See more of the story

The past isn't even past, to paraphrase William Faulkner. In that spirit, a cadre of contemporary scholars and writers have recast, with heroic urgency, the history of North American peoples prior to European encounter and the horrors inflicted on subsequent generations. Kathleen DuVal's prodigious "Native Nations" expands our understanding as she plaits myriad strands into a gorgeous, readable narrative.

A white professor at the University of North Carolina, DuVal opens before the collapse of the great urban centers, Cahokia and Moundsville, paving the way for nimble, decentralized societies amid diverse landscapes: moss-glazed Appalachian hollows, fragrant prairies and rugged deserts.

As Spanish, Dutch, French and British colonists struggled to put down roots, local tribes mostly avoided them, preoccupied with their own blood feuds and fitful alliances. But they were also budding entrepreneurs: They sought advantage among outposts such as Jamestown, New Amsterdam and Quebec, enriching themselves through barter and luring Europeans into their conflicts.

DuVal teases out the loops of influence immediately following these encounters. The Mohawks "came to Fort Orange [now Albany, New York] for the guns, but they stayed for the cake," she notes wryly. "When they visited Fort Orange and Rensselaerswijck, they sampled Dutch cakes, cookies and bread and took some home... To the frustration of many colonists, Mohawks' proceeds from the fur trade allowed them to pay high prices. The Dutch colonists who introduced white bread and cakes to the region soon could not afford them."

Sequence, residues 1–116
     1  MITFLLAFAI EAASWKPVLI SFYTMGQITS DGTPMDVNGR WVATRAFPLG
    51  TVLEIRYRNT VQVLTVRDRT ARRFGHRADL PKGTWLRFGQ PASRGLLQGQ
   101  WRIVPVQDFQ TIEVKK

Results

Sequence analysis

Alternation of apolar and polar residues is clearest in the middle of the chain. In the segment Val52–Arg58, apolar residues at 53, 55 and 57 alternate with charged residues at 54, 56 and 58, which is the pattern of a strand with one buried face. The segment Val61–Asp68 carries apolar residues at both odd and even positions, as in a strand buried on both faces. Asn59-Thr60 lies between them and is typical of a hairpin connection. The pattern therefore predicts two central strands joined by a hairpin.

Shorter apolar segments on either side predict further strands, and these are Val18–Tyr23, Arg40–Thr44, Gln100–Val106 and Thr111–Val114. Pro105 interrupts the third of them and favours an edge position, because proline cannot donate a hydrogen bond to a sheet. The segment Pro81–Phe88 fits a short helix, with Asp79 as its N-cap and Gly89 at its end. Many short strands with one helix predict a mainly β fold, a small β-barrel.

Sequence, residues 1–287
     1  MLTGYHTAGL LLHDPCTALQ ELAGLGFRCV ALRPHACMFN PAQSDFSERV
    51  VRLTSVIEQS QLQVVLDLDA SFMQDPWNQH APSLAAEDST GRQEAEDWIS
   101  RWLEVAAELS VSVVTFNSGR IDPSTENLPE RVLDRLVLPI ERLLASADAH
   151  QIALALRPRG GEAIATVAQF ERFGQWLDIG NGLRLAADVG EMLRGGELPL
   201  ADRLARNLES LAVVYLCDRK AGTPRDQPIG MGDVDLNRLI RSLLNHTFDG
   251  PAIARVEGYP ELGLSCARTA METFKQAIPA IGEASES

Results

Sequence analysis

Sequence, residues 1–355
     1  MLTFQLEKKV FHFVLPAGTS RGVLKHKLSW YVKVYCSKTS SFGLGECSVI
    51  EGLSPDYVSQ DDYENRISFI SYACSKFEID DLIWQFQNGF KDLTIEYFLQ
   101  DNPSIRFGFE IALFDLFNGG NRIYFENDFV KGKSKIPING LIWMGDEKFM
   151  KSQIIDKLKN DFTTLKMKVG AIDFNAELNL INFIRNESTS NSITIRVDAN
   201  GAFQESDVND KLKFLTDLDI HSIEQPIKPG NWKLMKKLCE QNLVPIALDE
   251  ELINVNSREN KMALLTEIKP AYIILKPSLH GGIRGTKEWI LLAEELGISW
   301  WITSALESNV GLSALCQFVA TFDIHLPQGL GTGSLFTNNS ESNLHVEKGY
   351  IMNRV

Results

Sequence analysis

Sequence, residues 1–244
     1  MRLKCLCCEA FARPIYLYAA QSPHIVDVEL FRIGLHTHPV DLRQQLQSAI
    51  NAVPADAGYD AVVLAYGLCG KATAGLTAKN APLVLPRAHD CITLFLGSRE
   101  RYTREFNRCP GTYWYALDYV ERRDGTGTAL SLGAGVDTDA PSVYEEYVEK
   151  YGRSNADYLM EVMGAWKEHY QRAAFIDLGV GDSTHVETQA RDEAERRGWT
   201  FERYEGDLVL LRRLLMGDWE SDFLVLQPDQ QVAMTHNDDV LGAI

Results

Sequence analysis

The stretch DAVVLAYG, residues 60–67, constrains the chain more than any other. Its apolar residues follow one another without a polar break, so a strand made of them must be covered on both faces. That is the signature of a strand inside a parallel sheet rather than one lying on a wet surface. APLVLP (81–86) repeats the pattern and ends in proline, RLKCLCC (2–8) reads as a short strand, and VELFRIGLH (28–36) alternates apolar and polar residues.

"Native Nations" is in conversation with Ned Blackhawk's "The Rediscovery of America," which won last year's National Book Award in nonfiction: They traverse much of the same ground but complement each other.

Blackhawk commences in 1492 while DuVal draws on previous epochs. His is academic in tone, hers intimate yet comprehensive. She weaves, basket-like, a wealth of research with an empathic feel for quotidian life: Women tended fields and men hunted and waged war, a cosmological balance the O'odham people called "himdag." Indeed, these societies were more equitable than the colonial upstarts.

The Haudenosaunee (Iroquois) Confederacy had tremendous flexibility in choosing leaders, with matriarchs often at the helm. The Quapaw (Arkansas) tribes, sandwiched between hostile neighbors, mastered the art of diplomacy. Similar to Blackhawk, DuVal sifts through brutal battles and betrayals to showcase Native agency, the power to self-determination and legal rights despite massive thefts.

In its second half, the book takes a sharp turn as our young republic flexed its brawn, pushing for theft of Indigenous lands. Even a nation as sophisticated and savvy as the Cherokee was no match for Washington's zero-sum game.

Native Nations
Native Nations

DuVal brilliantly connects the Trail of Tears with slavery and Jim Crow, a form of white supremacy dominant in the 19th and early 20th centuries. Where governments stumbled, cowboy mercenaries stepped in: "Individual ownership would make it easier for white people to chip away at Native land by buying small parcels from individuals rather than dealing with governments."

No single volume can adequately depict the gamut of Indigenous cultures, but DuVal's comes close, shading in erasures and lending color and nuance to textbook jargon. "Native Nations" belongs on the same shelf as Blackhawk's magisterial work and Charles Mann's "1491."

Hamilton Cain, who reviews for the New York Times Book Review, Washington Post and Boston Globe, lives in Brooklyn, New York.

Native Nations: A Millennium in North America

By: Kathleen DuVal.

Publisher: Random House, 562 pages, $38.